“The Penelopeiad: The Myth of Penelope and Odysseus” by Margaret Atwood is a book that confirmed what I already believed, an excellent way for a book to get your attention. Atwood was asked to reinterpret an ancient myth as part of the Canongate Myth Series. She takes the story… Read more »

Books that made a difference — Roni Capin Rivera-Ashford

Roni Capin Rivera-Ashford

I grew up in a Jewish family in Nogales, Arizona, on the Mexican border, in a predominantly Mexican-Catholic community.  Since the early ’60s, I have been on a rich journey of embracing interracial/interfaith friendships and marriage.   The wisdom and maturity I gained along the way have served as a… Read more »

Books that made a difference — Beth Alpert Nakhai

Beth Alpert Nakhai

“A Tale of Love and Darkness,” a memoir by Amos Oz (Harcourt, 2003; translated from the Hebrew by Nicholas de Lange) is among the most gorgeous books I have ever read. Oz is a master of words and in this book he crafts them to create the story of… Read more »

Books that made a difference –Tom Miller

Tom Miller

In recent years I have become obsessed with “Don Quixote de La Mancha.” The book, published in two parts some 400 years ago, follows the exploits of Alonso Quijano, who imagines himself a knight-errant dedicated to acts of chivalry and takes on the name Don Quixote as well as… Read more »

Books that made a difference — Arthur Yavelberg

Arthur Yavelberg

Chaim Potok’s “The Chosen” came to me at an important time. I already had a passion for baseball— how I wanted the ball hit to ME when it really counted. So when the Hasidic yeshiva student, Danny—at that time the menacing, Darth Vader-like Danny—recognized the spin in Reuven’s curve… Read more »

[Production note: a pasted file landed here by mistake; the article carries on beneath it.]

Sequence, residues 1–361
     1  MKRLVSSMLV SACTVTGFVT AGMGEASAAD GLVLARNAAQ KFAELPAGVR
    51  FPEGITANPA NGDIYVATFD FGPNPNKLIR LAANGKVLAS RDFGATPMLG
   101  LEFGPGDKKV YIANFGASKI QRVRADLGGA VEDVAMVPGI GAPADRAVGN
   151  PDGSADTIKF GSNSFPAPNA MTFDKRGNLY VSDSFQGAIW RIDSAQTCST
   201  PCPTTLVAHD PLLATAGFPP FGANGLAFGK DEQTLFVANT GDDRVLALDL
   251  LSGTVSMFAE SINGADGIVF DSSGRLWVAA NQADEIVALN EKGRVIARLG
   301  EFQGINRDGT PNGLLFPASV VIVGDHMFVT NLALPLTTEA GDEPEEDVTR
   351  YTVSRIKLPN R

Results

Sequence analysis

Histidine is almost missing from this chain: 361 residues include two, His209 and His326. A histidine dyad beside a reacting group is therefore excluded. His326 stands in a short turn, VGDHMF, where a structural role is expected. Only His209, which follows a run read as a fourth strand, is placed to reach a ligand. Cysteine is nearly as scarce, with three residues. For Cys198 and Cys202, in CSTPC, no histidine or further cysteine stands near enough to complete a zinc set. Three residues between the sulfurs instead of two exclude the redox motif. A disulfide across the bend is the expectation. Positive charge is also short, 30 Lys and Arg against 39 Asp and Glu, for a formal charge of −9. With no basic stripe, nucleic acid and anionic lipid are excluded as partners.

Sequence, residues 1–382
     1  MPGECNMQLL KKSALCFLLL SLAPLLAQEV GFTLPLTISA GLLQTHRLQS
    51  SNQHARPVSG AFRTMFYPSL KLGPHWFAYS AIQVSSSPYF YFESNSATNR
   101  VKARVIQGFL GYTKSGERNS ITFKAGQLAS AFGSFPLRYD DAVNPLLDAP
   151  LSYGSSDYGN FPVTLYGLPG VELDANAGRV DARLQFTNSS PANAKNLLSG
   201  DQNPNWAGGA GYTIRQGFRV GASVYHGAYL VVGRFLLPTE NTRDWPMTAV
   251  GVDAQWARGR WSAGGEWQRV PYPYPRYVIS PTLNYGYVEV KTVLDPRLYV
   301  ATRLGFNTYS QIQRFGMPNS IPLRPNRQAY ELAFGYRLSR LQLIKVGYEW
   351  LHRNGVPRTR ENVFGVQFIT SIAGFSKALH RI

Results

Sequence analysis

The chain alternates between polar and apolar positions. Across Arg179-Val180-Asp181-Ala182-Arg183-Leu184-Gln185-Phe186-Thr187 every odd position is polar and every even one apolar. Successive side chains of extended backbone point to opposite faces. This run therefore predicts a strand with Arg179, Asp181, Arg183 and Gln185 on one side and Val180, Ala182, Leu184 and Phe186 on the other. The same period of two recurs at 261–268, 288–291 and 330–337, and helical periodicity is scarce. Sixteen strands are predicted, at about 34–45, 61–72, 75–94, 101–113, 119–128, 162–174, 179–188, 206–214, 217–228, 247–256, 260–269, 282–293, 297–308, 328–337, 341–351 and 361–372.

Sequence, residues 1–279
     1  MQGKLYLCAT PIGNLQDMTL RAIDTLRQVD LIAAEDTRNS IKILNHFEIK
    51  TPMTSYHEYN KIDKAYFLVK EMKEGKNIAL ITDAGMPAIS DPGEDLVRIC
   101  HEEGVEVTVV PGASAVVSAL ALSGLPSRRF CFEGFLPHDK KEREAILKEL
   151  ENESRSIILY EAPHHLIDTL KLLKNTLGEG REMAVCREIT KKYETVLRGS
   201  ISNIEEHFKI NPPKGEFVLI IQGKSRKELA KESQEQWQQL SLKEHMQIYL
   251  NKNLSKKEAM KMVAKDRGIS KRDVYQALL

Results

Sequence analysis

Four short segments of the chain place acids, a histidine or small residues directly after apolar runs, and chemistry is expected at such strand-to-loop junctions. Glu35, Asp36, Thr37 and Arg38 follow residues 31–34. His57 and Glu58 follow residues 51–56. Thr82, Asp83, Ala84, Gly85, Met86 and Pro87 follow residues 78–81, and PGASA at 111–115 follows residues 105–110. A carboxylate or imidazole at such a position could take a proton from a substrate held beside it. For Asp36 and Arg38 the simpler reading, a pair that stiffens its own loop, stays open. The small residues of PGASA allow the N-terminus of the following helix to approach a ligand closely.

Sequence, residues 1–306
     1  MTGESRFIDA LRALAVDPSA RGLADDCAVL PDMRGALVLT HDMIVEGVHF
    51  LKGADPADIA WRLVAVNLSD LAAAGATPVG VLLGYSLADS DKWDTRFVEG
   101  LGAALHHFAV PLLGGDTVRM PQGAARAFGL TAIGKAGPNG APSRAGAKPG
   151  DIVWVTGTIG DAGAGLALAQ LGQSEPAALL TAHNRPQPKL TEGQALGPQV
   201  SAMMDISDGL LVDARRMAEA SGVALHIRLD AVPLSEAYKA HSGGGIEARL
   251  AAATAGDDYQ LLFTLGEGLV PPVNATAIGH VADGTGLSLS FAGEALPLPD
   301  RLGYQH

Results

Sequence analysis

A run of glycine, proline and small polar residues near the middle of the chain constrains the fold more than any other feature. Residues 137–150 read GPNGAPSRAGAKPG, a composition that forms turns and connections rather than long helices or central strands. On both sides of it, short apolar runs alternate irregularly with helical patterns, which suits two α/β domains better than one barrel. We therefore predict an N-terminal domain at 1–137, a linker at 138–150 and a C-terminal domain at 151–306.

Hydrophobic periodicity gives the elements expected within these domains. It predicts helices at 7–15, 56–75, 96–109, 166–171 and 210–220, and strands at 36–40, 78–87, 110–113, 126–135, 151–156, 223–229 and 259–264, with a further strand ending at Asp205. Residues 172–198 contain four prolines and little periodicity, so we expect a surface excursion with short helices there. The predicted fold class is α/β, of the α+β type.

Books that made a difference – introduction

We call ourselves “People of the Book” because of the commandment that every Jew study Torah. Over generations, this moniker has also come to signify a more general esteem for books and learning.  The metaphor of the book so permeates our identity that during this High Holiday season, we… Read more »

Sermon spurred Soviet Jewry movement

NEW YORK (JTA) — On a fall day in 1963, Abraham Joshua Heschel unburdened his soul. Speaking the truth without regard for whether it scandalized or hurt was something he would do fairly often in that decade of social upheaval. Already branded as an eccentric and an outsider, that… Read more »

Keeping kosher — but just on holidays

SAN FRANCISCO (JTA) — When I’m invited to a Shabbat or holiday meal in a Jewish home, I always bring kosher wine. Not just that, I try to make it Israeli. It’s not because I keep kosher. And it’s not because the people I’m visiting necessarily keep kosher either.… Read more »

Inspired by the GPS

Rabbi Yossie Shemtov

An 82-year-old Jewish man was recently marveling to me about the wonders of the Global Positioning System, otherwise known as the GPS satellite-based global navigation system. An observation of his got me thinking. “You see,” he said, “a person can go anywhere but if he doesn’t have a destination… Read more »

Rosh Hashanah reminds us that we have the power to change

Amy Hirshberg Lederman

It’s that time of year again. Backpacks and school binders tumble off the shelves at local stores, crossing guards in bright orange vests patrol the roads and parents are bemoaning the frenzied schedules that “back to school” requires. But there’s a positive energy in the air as kids, tanned… Read more »